Lancashire Law School
Harris Building, HB259
+44 (0) 1772 89 3076
Helen Codd holds an LLB(Hons) degree in Law from the University of Wales and an M.Phil in Criminology from the University of Cambridge Institute of Criminology.
Helen joined the Law department at UCLan in 1991; was promoted to Senior Lecturer in 1999 and to Principal Lecturer in 2005. She has substantial experience of unpaid work with third sector organisations and is currently Chair of THOMAS, a social exclusion/drug rehabilitation charity based in Blackburn.
Helen was featured in the Winter 2016 edition of BreakThrough magazine talking about her inaugural professorial lecture “Prisoners’ Children and Criminal Justice”(Pages 20-24).
Codd, Helen (2013) Locked in and Locked Out: Global Feminist Perspectives on Women and Imprisonment. In: Global Criminology: Crime and Victimization in the Globalized Era. CRC Press, Taylor and Francis Group, pp. 199-218. ISBN 978-1439892497
Codd, Helen Louise and Scott, David (2010) Controversial Issues in Prisons. Open University Press, Maidenhead, UK. ISBN 9780335223039
Codd, Helen Louise (2008) In the Shadow of Prison: Families, Imprisonment and Criminal Justice. Willan Publishing, Devon, UK. ISBN 978-1843922452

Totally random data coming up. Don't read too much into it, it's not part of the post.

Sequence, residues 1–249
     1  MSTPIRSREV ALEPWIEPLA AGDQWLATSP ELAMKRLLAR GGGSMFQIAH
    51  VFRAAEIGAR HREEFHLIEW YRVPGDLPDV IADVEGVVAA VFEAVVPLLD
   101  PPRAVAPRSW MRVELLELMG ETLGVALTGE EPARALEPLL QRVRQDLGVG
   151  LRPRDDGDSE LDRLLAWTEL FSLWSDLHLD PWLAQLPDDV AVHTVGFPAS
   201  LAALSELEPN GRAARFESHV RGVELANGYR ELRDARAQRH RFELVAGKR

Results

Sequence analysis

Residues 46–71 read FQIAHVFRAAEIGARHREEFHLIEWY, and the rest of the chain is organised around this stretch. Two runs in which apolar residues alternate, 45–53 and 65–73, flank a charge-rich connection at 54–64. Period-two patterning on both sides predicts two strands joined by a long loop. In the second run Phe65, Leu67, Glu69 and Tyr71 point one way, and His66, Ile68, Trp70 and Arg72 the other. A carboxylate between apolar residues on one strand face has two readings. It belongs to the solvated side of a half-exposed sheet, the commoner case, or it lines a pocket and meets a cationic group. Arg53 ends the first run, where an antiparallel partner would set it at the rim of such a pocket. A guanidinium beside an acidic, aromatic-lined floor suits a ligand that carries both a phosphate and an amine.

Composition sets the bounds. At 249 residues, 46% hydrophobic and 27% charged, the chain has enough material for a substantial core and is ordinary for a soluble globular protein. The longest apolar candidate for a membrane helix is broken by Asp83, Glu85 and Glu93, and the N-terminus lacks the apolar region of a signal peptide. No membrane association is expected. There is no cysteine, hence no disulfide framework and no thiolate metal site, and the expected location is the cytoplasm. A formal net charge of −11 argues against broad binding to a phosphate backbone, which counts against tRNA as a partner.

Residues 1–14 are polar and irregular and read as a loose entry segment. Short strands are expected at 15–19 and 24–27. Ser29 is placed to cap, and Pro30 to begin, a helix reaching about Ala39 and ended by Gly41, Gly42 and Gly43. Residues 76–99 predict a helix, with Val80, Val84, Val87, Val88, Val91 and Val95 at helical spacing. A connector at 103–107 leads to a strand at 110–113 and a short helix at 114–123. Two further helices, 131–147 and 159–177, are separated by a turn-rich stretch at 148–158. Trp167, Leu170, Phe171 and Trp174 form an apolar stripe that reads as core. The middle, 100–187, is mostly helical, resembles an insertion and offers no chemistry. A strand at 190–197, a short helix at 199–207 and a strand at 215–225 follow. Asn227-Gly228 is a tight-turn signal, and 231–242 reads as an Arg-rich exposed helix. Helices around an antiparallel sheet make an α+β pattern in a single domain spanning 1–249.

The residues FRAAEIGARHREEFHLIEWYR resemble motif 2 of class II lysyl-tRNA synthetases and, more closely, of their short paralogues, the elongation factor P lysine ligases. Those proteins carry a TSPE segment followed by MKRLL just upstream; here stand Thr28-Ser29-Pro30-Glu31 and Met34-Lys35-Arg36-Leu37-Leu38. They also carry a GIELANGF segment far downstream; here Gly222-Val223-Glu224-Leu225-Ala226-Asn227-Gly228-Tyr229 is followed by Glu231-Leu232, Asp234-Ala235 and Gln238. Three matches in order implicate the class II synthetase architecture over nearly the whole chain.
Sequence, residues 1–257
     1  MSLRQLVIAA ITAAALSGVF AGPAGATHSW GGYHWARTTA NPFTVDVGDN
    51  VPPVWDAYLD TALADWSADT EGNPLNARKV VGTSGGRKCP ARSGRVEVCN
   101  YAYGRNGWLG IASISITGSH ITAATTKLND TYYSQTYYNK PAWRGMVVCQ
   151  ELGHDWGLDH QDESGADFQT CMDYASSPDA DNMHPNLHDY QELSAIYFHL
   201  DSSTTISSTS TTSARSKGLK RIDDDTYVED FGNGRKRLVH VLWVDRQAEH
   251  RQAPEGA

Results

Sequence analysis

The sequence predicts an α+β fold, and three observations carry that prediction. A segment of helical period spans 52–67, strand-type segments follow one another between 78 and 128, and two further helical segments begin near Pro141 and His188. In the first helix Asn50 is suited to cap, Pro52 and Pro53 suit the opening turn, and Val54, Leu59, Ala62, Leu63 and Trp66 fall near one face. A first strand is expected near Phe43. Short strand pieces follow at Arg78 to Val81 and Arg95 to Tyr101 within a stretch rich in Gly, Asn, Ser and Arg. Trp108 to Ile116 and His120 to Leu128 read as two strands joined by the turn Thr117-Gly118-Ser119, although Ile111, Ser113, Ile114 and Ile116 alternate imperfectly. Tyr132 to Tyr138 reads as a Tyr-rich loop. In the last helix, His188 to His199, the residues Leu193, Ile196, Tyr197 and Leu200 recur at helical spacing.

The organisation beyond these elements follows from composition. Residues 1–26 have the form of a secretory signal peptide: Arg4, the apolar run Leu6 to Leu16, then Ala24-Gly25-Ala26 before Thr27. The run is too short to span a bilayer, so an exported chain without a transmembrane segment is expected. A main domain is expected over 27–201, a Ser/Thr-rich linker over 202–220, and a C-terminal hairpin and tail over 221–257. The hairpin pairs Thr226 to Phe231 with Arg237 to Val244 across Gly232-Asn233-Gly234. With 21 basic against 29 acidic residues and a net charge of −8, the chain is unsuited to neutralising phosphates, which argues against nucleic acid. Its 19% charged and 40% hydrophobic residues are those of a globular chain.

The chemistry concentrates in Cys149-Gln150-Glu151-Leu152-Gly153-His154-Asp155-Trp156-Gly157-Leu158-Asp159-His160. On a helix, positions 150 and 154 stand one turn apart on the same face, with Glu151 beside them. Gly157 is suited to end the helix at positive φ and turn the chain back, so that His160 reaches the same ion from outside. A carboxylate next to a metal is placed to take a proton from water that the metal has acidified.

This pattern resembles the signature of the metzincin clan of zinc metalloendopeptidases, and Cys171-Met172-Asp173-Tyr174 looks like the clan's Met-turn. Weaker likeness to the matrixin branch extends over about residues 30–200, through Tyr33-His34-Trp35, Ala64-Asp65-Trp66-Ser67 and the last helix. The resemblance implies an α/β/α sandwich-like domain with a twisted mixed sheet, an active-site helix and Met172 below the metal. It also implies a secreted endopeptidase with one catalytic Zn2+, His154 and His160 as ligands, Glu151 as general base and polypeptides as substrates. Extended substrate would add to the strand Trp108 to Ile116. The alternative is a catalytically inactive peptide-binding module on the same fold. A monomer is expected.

Codd, Helen Louise (2012) "Baby can I hold you?" Prisoners, Reproductive Choices and Family Life. Contemporary Issues in Law, 11 (4). pp. 227-248. ISSN 1357 -0374
Criminal law at all levels; Criminology; Sentencing; Criminal Process.
Associate Research Fellow of the Institute of Advanced Legal Studies of the University of London. Currently external examiner in Criminology at the University of Coventry.
Helen Codd is an active participant in ERASMUS teaching exchanges.
Helen Codd is currently writing ‘Controversial Issues in Prisons’ (co-authored with David Scott) which will be published by OUP/McGraw Hill in 2008.
Helen Codd’s research focuses on socio-legal and criminological questions in relation to prisons, prisoners and prisoners’ families. She is also interested in gender, human rights and in international perspectives on criminal justice. Her work has been cited in argument by counsel before the Grand Chamber of the European Court of Human Rights and she has contributed to a number of significant reports on prisoners’ families. Helen currently supervises a number of M.Phil/Ph.D students.